How Are the KKK Supposedly the “Ghosts of the Confederate Soldiers”?
The American Civil War was a war that took place from 1861 to 1865. Its origin was the issue of abolishing slavery. This war was between the member states of the Union and the Confederacy, also known as the “slave states”. After the war was lost for the South, the Confederacy collapsed and its members joined the Union and slavery was abolished in all over the United States of America. Then the era known as the Reconstruction started. It was aimed to stabilize the unity of the nation and ensure the civil rights of the slaves who were freed.
The Ku Klux Klan was founded by six veteran soldiers of the Confederacy after the loss and the abolishment of slavery with the Thirteenth Amendment of the U.S. Constitution. Their priorities and motives were about overthrowing the Republicans who ended white supremacy and maintaining it once again (McVeigh, R. 2009). The reason for the Klan’s foundation is that the Confederacy which had lost the Civil War was the most affected from it by both losing the war and their rights of slavery, and it was an attempt to get these rights back by generally attacking the black people who gained their freedom, by assaulting them, burning down their houses, and killing them.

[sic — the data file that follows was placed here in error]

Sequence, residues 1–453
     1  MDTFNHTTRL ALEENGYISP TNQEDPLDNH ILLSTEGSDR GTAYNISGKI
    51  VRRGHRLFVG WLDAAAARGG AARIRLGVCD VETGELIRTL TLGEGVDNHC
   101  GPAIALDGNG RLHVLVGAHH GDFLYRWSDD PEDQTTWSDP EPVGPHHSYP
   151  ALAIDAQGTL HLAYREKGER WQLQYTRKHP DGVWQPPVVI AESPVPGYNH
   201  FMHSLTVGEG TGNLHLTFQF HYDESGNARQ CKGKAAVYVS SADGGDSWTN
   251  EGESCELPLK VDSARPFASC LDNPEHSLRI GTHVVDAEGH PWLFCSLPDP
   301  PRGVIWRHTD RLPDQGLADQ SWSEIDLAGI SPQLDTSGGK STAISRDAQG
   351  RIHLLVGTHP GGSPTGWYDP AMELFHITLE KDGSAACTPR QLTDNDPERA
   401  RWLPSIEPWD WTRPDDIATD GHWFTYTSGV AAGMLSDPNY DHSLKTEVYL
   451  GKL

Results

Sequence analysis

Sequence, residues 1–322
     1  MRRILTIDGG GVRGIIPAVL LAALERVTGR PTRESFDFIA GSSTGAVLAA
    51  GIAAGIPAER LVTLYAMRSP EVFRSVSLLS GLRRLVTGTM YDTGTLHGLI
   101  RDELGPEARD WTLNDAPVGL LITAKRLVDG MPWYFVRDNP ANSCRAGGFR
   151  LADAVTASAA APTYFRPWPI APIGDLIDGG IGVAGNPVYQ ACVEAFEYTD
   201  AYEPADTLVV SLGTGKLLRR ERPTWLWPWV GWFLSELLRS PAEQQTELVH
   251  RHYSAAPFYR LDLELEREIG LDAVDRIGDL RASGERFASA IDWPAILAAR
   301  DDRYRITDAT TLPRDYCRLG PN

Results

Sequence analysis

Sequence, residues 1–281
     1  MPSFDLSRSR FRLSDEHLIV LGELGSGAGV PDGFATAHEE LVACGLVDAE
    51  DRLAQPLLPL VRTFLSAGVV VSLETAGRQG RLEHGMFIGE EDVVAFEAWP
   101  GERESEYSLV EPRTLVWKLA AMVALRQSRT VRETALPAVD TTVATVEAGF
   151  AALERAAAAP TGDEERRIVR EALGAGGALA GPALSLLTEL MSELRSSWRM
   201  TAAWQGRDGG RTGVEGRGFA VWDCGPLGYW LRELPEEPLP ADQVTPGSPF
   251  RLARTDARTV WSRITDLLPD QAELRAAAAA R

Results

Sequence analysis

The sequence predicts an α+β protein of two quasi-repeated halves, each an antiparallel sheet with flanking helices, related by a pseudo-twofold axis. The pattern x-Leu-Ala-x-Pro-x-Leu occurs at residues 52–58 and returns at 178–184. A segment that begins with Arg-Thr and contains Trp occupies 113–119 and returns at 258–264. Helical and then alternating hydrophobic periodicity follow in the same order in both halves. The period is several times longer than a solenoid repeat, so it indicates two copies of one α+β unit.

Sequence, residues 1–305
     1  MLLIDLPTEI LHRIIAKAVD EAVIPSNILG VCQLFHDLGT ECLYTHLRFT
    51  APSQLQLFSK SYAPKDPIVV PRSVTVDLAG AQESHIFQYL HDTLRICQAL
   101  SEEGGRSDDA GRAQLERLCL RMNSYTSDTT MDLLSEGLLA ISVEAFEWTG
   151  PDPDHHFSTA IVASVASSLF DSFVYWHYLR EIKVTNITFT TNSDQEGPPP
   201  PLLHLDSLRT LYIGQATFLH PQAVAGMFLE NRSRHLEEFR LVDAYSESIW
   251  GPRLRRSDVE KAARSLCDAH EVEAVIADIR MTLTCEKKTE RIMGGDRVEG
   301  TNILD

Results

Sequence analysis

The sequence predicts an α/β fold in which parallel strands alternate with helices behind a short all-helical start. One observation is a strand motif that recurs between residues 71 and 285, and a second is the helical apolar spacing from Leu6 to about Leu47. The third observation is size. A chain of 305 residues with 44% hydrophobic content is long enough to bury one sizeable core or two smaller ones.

The Klan is often called as the “ghosts of the Confederate soldiers”. There is more than one way of looking at this claim. The first reason is that the night riders of the Klan were claiming that they were the ghosts of the dead Confederate soldiers. Their goal was to scare the superstitious black people since they were all covered in white (Foner, E. 1988).
Secondly, the Klan was mainly having their activities in the ex-Confederate states which were in favor of white supremacy and slavery, and its members were usually veterans of the Confederacy that wanted white supremacy again.
Their motives were like the Confederacy, thus we can see that the Klan was trying to accomplish what the Confederacy did by war in the form of a band of vigilantes that used terrorist tactics. Given the fact that its creators were ex-Confederate soldiers and its members were usually so, it’s easily understandable why they were called as the ghosts of the Confederacy.
Foner, E. (1988). Reconstruction: America’s Unfinished Revolution. 1863–1877. p. 432. New York: HarperCollins.
McVeigh, R. (2009). The Rise of the Ku Klux Klan: Right-Wing Movements and National Politics. Minneapolis: University of Minnesota Press.
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